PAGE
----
Ms. Rokeya Kabir, Executive Director (BNPS), welcomed all participants by giving her introductory statement. While explaining the objectives of the seminar she said that, Budget is one of the most powerful tools in the institutional mechanism to secure peoples rights and expectations. So, It is very important to increase the public, specially women and other marginalized groups, participation in the budget making and execution cycle that goes on round the year. She further explained that holding this policy roundtable was to better understand the preparation and execution of the budget procedure in Bangladesh so the given understanding of the institutional mechanism can be conveyed to the citizens in hopes of creating a budget allocation better comprehended by the people, reflecting their expectations from the government. In order to achieve this, she believed it would take cooperation and improvement on the parts of the civil society and Ministries of Health, Education and Women Affairs.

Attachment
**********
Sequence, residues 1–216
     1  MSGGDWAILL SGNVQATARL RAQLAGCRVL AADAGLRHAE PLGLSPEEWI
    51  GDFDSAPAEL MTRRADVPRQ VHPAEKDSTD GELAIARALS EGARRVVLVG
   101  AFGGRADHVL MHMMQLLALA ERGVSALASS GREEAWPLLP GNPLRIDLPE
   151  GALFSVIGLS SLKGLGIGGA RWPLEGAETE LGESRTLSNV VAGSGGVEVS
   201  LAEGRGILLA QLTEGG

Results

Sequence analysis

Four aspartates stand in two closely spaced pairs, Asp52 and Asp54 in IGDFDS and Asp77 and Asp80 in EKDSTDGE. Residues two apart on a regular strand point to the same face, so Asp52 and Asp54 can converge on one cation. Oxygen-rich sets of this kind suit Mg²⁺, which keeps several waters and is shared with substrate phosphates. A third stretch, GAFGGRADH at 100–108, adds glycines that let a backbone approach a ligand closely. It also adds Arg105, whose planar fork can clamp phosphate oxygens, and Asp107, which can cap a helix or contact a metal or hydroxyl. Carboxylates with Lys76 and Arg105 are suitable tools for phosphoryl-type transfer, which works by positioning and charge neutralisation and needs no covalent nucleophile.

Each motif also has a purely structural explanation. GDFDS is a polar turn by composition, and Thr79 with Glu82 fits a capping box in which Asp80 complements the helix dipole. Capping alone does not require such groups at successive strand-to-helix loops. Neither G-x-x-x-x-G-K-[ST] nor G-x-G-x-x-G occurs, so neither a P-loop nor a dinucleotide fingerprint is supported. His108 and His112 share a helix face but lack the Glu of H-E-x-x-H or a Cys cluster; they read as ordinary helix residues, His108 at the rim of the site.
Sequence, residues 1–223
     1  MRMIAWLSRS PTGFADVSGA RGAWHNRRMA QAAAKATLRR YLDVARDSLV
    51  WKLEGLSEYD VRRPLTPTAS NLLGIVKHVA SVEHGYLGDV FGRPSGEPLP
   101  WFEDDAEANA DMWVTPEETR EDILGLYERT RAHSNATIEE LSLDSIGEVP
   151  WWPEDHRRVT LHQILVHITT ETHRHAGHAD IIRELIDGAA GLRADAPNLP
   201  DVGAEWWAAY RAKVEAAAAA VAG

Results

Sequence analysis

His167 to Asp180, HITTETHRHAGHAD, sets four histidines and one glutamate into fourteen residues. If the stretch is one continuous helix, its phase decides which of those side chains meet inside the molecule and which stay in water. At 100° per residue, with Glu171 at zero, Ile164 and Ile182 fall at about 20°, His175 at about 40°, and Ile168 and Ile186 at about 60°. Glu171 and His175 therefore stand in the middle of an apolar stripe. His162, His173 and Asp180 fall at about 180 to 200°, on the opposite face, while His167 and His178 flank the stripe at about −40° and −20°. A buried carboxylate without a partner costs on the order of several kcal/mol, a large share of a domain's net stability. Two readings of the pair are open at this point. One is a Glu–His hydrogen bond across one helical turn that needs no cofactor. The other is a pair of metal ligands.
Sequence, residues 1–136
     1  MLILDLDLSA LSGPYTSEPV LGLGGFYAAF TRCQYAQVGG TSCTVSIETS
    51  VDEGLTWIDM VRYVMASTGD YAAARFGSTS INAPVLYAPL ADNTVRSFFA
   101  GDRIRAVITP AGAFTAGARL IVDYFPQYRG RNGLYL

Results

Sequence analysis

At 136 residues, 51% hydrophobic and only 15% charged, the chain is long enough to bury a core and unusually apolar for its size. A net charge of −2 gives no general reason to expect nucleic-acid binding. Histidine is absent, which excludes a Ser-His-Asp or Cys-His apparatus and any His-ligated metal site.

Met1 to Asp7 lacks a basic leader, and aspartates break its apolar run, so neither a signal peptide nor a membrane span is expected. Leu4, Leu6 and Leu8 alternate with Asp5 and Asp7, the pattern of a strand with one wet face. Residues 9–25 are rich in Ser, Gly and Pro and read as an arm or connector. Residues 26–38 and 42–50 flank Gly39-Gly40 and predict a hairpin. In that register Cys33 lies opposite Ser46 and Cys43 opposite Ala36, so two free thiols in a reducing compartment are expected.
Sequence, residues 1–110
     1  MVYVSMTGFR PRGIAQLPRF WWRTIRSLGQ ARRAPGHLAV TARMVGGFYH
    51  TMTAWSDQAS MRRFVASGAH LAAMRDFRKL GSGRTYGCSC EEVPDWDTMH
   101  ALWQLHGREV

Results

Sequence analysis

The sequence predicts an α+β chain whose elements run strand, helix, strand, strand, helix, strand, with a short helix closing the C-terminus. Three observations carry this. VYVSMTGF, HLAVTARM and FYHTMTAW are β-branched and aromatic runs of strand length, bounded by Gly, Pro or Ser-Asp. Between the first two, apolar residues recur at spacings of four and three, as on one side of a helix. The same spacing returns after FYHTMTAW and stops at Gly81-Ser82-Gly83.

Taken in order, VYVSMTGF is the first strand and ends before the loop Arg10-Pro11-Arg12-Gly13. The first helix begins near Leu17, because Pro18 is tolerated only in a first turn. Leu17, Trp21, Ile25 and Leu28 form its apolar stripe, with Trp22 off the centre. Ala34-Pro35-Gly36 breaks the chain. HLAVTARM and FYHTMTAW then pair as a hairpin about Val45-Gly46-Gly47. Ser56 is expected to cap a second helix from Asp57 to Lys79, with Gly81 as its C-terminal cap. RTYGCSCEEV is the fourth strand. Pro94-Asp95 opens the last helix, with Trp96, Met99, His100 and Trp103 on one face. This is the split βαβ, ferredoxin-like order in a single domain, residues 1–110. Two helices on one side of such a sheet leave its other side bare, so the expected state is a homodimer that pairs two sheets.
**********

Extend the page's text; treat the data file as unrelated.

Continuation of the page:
Following a brief descriptions of the humble beginnings of the policy advocacies of BNPS in 1993 focusing on gender sensitive education studies and gender responsive budgeting, Ms Rokeya Kabir proceeded to discuss the focal points of the policy roundtable.

She said that we have national Constitution and international conventions like CEDAW, and agreements as the main guidelines. Using those guidelines, challenges of Budget execution should be discussed alongside the means of efficient use of the resources involved followed by the procedures by which participation of marginalized groups, minorities and women can be ensured. She concluded her introductory remarks by inviting the participants to discuss on budget preparation and implementation procedures and analyze whether the state resources, foreign investments, grants, project aid, donor fund is being used properly and effectively.